Nobody’s children

Updated on Apr 14, 2013 01:20 AM IST

Far from India Gate that often reverberate with cries for justice, far from the corridors of power where ministries recently squabbled over the right age for consensual sex, lie 197 districts, where children are regularly abused. HT reports.

HT Image
HT Image
Hindustan Times | By, New Delhi

Far from the neatly trimmed lawns of India Gate that so often reverberate with cries for justice, far also from the corridors of power where ministries recently squabbled over the right age for consensual sex, lie 197 districts — yes 197, read the figure again — where children are regularly abused.

In these districts -- all ridden by conflict -- words like illegal detention, arbitrary arrests, sexual violence, torture and execution have become part of everyday life.

In vast swathes of the country -- far from metropolitan capitals where it is possible to hold candle vigils — the young are being regularly abused.

In Kashmir, there is no juvenile home for girls, in Naxal-hit Chhattisgarh, children are physically tortured and sometimes killed. Further east, in Assam and Manipur, juvenile justice boards exist mostly on paper.

In the far flung districts — 91 of which have been declared ‘disturbed’ under the Armed Forces Special Powers Act and another 106 as being affected by left wing extremism — courts seldom take suo moto notice of the young being arrested, and in many cases, of the young being killed by the State.

Hindustan Times’ reporters travelled long distances to track down families who lost their children in extrajudicial killings by men in uniform.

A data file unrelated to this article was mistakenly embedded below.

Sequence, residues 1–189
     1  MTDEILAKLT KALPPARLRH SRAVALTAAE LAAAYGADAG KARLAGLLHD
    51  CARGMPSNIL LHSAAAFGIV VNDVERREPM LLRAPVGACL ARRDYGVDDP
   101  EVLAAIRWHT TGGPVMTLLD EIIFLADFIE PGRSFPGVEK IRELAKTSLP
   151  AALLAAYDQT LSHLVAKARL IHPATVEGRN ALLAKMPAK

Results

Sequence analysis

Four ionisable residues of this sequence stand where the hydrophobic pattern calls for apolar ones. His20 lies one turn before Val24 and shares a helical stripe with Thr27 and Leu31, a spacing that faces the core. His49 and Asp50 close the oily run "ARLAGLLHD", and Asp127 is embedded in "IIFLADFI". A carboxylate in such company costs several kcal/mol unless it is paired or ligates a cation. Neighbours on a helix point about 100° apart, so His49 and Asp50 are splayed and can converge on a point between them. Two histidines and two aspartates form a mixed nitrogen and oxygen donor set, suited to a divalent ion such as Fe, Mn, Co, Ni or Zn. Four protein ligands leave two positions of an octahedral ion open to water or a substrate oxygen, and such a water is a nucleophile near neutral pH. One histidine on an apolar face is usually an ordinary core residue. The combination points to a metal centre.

A recent eye-opening report by Asian Centre for Human Rights titled ‘Nobody’s Children: Juveniles of Conflict Affected Districts of India’, holds a mirror to the horrific crimes against the young.

Says it’s Director, Suhas Chakma, “One third of the country is disturbed but despite several pleas to the government, there is still no reporting mechanism concerning children. Why should the detention or death of children not be reported to the nearest police station within 24 hours?”

Hindustan Times reports from four conflict-ridden states — Assam, Manipur, Chhattisgarh and Jammu and Kashmir and finds that for these families, sheer survival has overtaken the process of justice.

As for the State, the young are added to statistics. In police parlance they’re simply called child collateral.

Killed by mistake, said CRPF
Dolamara Assam
Ragha Gaur had been getting up before daybreak to practice for an upcoming football match. On 8 December 2011, he awoke early enough to die -- shot by Cobra commandoes of the Central Reserve Police Force (CRPF).

Ragha, 13, was the youngest of Komola Nagbongshi’s three sons. Ever since her husband Suren Gaur died in 1997, Komola shifted to Malasi Nanke Gaur village in central Assam’s Karbi Anglong district.

The village is close to a tea estate where she works as a casual labourer and it had many Adivasis like them.

Ragha Gaur was killed by CRPF. HT photo
Ragha Gaur was killed by CRPF. HT photo

But the village, 235km east of Guwahati, was frequented by Karbi People’s Liberation Tigers (KPLT) rebels.

Partisan to the indigenous Karbi tribal people, this outfit targeted non-locals for money.